This was the question posed by Bain & Company and EcoVadis in assessing how environmental, social, governance (ESG) activities and outcomes have impacted more than 100,000 companies.
Their findings suggest the answer is an emphatic ‘yes’—in addition to benefiting the planet and society, ESG performance is associated with higher profit.
They found four major correlations:
- Companies with more women on the executive team had better financial results.
- Renewable energy usage correlated with higher margins in carbon-intensive industries (like mining).
- Companies that focused on ethics, environmental and labour practices within their supply chains were more profitable.
- ESG leaders had higher employee satisfaction.
These results are only the latest in a raft of reports that suggest setting ESG targets, tracking results, embedding ethical decision making, securing sustainable supply chains and practices that reduce emissions and increase diversity are all associated with higher profitability.
Of course, quantitative studies like this can’t prove that sustainability efforts necessarily led to these strong financial outcomes – a range of factors are at play.
Our experience at ReGen Strategic is that most companies recognise ESG is important, but are not really sure where to start or how aggressively they should pursue their ESG goals. This is particularly so in the mining industry, where resources companies are often seen by the public as directly adding to the level of carbon in our environment through their operations.
IGO is one example of an Australian mining company that successfully changed their business by embracing better ESG performance. Their very purpose ‘making a difference’ is linked to the decarbonisation of our planet, with a strategy linked to ethical and sustainable production, carbon neutrality, and people – all areas identified by the study.
IGO was founded as Independence Gold in 2000 and was listed on the ASX in 2002. For the next decade the company built a successful business in gold and base metal mining.
In 2014, Peter Bradford was appointed CEO and the company started on a new path. In 2015 the first sustainability report was published, and in 2017 IGO’s strategic direction was refocused to clean energy metals. Since that time, base metal and gold mines have been progressively divested, large solar farms and battery storage facilities have been built, carbon has been partially offset, and a range of lithium and other clean energy metal projects were acquired or commenced.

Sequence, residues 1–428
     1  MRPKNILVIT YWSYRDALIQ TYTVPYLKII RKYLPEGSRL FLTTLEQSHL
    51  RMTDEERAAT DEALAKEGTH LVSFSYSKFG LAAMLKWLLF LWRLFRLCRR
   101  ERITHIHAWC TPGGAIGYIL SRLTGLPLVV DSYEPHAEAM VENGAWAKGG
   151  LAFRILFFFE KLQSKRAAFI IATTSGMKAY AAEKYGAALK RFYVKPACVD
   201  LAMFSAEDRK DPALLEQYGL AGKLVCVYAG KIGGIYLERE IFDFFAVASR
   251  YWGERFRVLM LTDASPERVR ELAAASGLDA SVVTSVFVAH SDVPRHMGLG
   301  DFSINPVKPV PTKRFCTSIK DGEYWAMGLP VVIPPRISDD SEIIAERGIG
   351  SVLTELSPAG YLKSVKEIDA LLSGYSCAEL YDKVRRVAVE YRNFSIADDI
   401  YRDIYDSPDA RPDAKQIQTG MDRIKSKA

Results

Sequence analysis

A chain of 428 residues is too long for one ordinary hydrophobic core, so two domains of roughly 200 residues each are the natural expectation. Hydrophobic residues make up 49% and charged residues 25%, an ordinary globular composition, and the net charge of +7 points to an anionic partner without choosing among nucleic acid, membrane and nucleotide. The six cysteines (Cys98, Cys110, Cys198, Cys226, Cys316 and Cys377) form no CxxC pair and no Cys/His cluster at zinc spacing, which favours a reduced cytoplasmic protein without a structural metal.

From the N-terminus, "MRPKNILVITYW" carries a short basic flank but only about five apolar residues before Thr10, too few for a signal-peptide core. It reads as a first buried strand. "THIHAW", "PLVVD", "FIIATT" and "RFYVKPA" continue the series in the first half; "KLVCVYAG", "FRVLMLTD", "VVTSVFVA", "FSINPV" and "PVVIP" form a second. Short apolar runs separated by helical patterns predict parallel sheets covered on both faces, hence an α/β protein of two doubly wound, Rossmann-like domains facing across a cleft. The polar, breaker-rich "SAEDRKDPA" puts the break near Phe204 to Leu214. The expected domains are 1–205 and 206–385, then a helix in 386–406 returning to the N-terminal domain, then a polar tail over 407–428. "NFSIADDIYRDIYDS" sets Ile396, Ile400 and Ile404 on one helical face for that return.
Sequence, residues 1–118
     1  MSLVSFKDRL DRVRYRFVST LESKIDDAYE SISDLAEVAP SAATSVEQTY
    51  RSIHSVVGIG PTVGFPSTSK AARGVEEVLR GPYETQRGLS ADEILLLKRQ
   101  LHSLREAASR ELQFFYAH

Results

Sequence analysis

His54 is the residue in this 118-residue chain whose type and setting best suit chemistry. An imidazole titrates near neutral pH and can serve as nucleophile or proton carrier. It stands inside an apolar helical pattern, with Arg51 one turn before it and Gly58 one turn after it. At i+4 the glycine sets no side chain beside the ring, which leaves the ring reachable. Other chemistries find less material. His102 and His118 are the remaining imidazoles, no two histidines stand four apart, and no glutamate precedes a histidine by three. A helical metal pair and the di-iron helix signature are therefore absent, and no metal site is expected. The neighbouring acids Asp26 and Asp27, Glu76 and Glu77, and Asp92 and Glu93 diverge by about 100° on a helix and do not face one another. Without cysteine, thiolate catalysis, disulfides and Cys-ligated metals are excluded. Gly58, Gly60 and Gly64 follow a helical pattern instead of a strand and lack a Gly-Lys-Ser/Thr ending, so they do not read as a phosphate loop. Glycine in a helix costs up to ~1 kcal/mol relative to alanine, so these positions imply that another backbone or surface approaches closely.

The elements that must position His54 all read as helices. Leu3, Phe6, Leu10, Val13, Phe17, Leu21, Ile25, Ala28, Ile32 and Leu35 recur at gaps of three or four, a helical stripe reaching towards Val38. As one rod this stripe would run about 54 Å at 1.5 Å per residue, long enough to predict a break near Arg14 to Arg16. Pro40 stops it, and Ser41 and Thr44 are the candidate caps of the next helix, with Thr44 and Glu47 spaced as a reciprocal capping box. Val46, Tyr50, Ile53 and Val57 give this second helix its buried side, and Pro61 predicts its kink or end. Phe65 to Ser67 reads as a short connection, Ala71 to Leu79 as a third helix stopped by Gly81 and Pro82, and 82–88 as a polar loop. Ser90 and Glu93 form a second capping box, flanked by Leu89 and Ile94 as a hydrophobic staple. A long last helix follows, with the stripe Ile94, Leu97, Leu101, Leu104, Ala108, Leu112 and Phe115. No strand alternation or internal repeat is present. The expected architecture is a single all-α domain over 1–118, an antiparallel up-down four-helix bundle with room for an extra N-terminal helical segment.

Fast forward to 2023, and IGO is uniquely placed as the only company globally producing four key raw battery materials: nickel, lithium, copper and cobalt. All these elements will play a critical role in the transition to a zero emissions future, with demand expected to accelerate quickly in the coming years.
Of the four correlations mentioned in the study above, IGO has achieved 57 per cent female representation on the board and make up 75 per cent of the senior executive. It has adopted renewable energy, with its largest mine building a 15.5MW solar farm and 10MWh battery storage system. IGO’s supplier evaluation methodology prioritises ethical decision making when selecting and managing suppliers, as well as upholding fundamental human rights through the supply chain as described in the Modern Slavery Statement. And finally, 89 per cent of employees said they were proud to work for IGO, with a similar percentage saying IGO was accepting of diverse backgrounds.
IGO’s pathway to sustainable development is maturing and they are increasingly adopting ESG frameworks and reporting standards. There is a long way to go, but the company has resolutely embarked on an ESG path, and brought their employees, investors and stakeholders on the journey.
So, has it paid off?
Well, if you invested in IGO stock five years ago, you would now have seen a 174 per cent return on your investment, compared to a 21 per cent increase in the ASX index. Last month, IGO reported record net profits after tax of $412 million for the March quarter.
You be the judge.